Instagram's Hyperlapse app is popularising time-lapse photography, creating a mass of video content that could change the way we consume images of our environments, reports Alex Wiltshire.
Instagram has just launched a new way of visualising the world. Hyperlapse is an app that simplifies the process of time-lapse videos into pointing at your subject, shooting, and choosing how fast it plays back.
It hardly sounds revolutionary, but the photo-sharing service has since begun filling with sped-up videos of the everyday. Instagram-tracking website Iconosquare counts 250,000 videos tagged with "Hyperlapse", spanning views from car windows, of road intersections, of people drawing and walking through crowds.
Taken individually, most Hyperlapse videos are badly shot and utterly mundane. Taken en masse, you start to see reality, presented through the lens of time, a little differently. A sequence of a car driving through traffic starts to emphasise the contours of the road and the rhythms of traffic. A view from a person cycling through a city gives you a sense of the way its streets knit together. Compressing time gives a new idea of the way spaces work, and how people use them.
Time-lapse photography is hardly a new concept. We're all familiar with it being used to visualise plant growth and city life in anything from nature documentaries to TV series credit sequences. Before the advent of digital photography, though, time-lapse required large amounts of film and specialised equipment. Now a digital camera is more or less in every pocket, and indeed time-lapse was already well-represented on smartphone app stores before Hyperlapse turned up.
Hyperlapse, however, proves the power that lies in coupling the ubiquity of a service like Instagram with supremely accessible design that presents users with a record button overlaying live video. Creation and publishing are seamless, and you don't even need an Instagram account to take advantage of it.
Hyperlapse adds one other important advance on the time-lapse video. It smooths out the image, removing the jolt of footsteps and the jerk of a fumbled pan. It can't deal with significant lurches, but it does a remarkable job of transforming handheld footage into a kind of hyper-real floating view, almost first-person, a representation of what the person taking the video is seeing.
In that sense, Hyperlapse is closely related to Steadicam, the filmmaking apparatus that debuted in the 1976 production of Bound for Glory, allowing new flowing eye-level, experiential shots that take you into perspective of characters in the film's world. Now you can make them on your phone.
Just as Steadicam added a new personal, embodied grammar to movies, Hyperlapse adds to the grammar of representing reality on smartphones, and it's a chance to subtly change the way we see the world. Its ubiquity is capturing situations and places that could previously rarely be captured as vividly.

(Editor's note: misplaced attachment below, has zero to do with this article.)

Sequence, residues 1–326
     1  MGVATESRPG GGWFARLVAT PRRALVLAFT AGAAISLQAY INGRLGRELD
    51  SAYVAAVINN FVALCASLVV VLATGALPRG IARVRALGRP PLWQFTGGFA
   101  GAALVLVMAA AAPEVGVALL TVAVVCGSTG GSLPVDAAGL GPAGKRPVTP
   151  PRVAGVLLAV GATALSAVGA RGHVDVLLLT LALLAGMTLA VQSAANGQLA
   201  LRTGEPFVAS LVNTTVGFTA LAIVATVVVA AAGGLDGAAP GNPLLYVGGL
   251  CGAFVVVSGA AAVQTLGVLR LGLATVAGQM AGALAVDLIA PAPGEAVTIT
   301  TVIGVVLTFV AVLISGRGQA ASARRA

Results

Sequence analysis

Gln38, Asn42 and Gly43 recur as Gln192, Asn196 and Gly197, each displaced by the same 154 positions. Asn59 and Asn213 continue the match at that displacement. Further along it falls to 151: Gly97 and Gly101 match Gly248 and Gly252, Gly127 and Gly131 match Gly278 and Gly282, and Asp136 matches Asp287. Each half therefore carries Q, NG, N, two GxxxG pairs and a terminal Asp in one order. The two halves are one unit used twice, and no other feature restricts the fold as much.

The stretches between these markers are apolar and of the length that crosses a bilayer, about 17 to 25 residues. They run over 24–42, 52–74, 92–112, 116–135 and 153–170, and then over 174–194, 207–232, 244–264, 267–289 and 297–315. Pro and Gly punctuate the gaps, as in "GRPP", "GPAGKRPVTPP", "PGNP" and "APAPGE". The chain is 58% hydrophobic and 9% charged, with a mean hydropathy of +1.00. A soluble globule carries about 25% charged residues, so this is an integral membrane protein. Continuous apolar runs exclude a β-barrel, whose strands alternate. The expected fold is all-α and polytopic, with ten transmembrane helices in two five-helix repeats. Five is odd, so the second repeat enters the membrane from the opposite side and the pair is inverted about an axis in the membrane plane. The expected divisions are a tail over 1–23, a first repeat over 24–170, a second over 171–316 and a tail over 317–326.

Lots of Hyperlapse videos are taken from cars. Speeding time is good at articulating travel, particularly the continual, sinuous progression of road travel. We can get a sense of how Déols, a small town in central France, fits together, a street in Kampala, and the form of the landscape of Mount Asama in central Honshū. Compressing lots of activity into a short time can make humdrum places exotic or hyper-real – a photographic Outrun, with which Hyperlapse videos share a visceral pleasure in witnessing smooth, parallax-laden progression. Naturally, it's good for trains, too, echoing the classic 1953 film, London to Brighton in Four Minutes.
We can also see how people use public spaces in places like Montmartre, Liverpool Street Station, Snøhetta's Oslo Opera House, a Utrecht station and Grand Central Station. We get to land planes at airports in Mexico City and Lisbon. We can make traversals of bridges by road, experience cycling in the Netherlands, whether canal-side Amsterdam or by road in Leiden, and a bus on 42nd Street in New York City.
It's a fine form for touring cities, communicating their rhythm, whether Edinburgh, Kowloon in Hong Kong, or Main Street in Disneyland. There's a whole account dedicated to Toronto, and it's great for capturing details, like the Portuguese beachside pavement at Ipanema. Interiors, too: here's the White House.
The Hyperlapse app might be popular enough, but a time-lapse function is being built into the camera app in the forthcoming iOS8, and Microsoft Research has been at it too, with a remarkable new technology also called Hyperlapse. Here the smoothing effect is amplified into uncanny evenness, using a computer to build chunks of scene that are missing due to wobbling. The effect is like flying through city and up a rockface, a computer-mediated experience that idealises human experience.
Such advances in visualisation are part of a general movement to bring video to new situations, alongside GoPro cameras mounted on helmets and drones, View360Cam and Vine, each expanding our ability to express reality and form new ways of seeing. Hyperlapse, though, with its ability to compress time, could be giving us a new common language to communicate space and the way we live within it.
Alex Wiltshire is a video game consultant, with clients including London's V&A Museum. He was editor of Edge Magazine until 2013 and has written for a wide range of publications including Icon, The New Statesman, PC gamer, Eurogamer, Design Week and Architects Journal.